Immediate Questions

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A. Does patient have urinary frequency and urgency? Consider voiding dysfunction (most common diagnosis) and uTi.

B. Nocturnal enuresis or nocturia? Lack of nocturnal involvement usually excludes organic etiology.

C. Does patient drink excessively? Is there nocturnal polydipsia (patient awakened by thirst)? Drinking large amounts of fluid during the day often is a habit but may have an organic etiology.

D. Is there a history of GU problems? Conditions that may result in kidney damage and secondary polyuria include renal maldevelopment, posterior urethral valves, and pyelonephritis.

III. Differential Diagnosis

A. Urinary Frequency and Urgency

1. Voiding dysfunction.

2. Transitional voiding.

B. Excessive Drinking (Polydipsia)

1. Organic. High serum osmolarity; common presentation is a thirsty child. Renal conditions that prevent normal urinary concentrating ability and high solute loss (as in diabetes mellitus) may present with polyuria and polydipsia.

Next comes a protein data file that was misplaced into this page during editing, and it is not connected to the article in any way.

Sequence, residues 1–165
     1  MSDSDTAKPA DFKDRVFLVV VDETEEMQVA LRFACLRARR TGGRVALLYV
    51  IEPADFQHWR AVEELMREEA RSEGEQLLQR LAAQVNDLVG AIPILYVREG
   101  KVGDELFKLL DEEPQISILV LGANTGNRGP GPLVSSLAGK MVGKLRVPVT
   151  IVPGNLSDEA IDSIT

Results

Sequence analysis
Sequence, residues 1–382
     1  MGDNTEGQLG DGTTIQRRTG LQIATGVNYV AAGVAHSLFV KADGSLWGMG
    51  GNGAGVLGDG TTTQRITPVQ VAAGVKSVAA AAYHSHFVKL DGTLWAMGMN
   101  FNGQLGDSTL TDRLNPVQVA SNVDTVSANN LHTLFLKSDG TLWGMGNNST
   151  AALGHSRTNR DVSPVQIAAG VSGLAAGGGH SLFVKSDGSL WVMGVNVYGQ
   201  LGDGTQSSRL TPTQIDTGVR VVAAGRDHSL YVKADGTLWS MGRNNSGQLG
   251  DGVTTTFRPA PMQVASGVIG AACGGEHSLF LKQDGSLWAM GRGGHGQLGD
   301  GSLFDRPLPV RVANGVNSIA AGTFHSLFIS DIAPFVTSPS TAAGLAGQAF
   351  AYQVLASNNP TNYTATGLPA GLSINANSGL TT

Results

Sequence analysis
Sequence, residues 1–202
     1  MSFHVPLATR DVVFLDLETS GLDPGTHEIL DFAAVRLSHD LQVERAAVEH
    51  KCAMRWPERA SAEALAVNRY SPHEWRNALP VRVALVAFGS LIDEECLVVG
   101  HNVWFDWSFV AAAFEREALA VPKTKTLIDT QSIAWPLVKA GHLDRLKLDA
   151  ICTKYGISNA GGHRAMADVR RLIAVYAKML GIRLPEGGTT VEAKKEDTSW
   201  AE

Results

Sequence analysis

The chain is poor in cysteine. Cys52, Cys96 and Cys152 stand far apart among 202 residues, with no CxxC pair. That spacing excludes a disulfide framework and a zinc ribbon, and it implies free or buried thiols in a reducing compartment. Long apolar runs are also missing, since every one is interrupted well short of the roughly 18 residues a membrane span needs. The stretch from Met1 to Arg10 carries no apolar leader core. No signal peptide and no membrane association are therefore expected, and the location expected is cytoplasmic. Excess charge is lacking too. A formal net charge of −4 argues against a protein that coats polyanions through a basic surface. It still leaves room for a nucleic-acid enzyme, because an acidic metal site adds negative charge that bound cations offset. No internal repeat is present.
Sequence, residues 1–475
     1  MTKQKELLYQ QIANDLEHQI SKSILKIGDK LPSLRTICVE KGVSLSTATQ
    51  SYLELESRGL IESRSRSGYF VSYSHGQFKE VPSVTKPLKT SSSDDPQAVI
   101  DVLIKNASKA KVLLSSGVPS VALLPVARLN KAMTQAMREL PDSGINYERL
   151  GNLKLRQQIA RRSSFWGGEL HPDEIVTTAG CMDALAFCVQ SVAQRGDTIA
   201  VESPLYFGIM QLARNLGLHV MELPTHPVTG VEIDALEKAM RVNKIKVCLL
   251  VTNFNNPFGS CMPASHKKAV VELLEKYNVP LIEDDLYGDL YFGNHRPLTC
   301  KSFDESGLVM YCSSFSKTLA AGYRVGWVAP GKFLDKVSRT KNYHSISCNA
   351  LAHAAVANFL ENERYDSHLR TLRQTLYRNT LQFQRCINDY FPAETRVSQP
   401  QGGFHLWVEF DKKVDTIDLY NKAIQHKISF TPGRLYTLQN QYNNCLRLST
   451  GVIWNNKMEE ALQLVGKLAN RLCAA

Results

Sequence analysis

2. Behavioral (psychogenic or compulsive). Normal serum osmolarity; this presentation is unlikely in young children.

C. Diabetes Insipidus. Large volume of diluted urine.

1. Renal or nephrogenic. Kidney is insensitive to vasopressin.

a. Renal dysplasia (congenital maldevelopment).

b. Obstructive nephropathy.

c. Interstitial nephritis (pyelonephritis).

d. Renal insufficiency.

e. Renal tubular acidosis.

f. Sickle cell nephropathy.

2. Neurogenic (central). Loss of antidiuretic hormone (ADH) secretion secondary to tumor, trauma, or, rarely, iatrogenic causes.

D. Diabetes Mellitus. Polyphagia and glucosuria are evident.

IV. Database

A. Physical Exam Key Points

1. Assess general appearance.

2. Observe for signs of dehydration.

3. Measure body weight and BP

4. Exclude abdominal mass.

B. Laboratory Data

1. Metabolic panel. Obtain serum electrolytes, glucose, creatinine, and BUN.

2. Urinary evaluation. Urinalysis with specific gravity, urine culture, and serum osmolarity (urine specific gravity > 1.020 excludes a concentrating defect).

3. CBC. To exclude sickle cell disease, as clinically indicated.

C. Radiographic and Other Studies. Consider based on findings from history, physical exam, laboratory studies, and clinical course. Imaging of urinary tract will identify patients with renal maldevelopment or obstructive uropathy.

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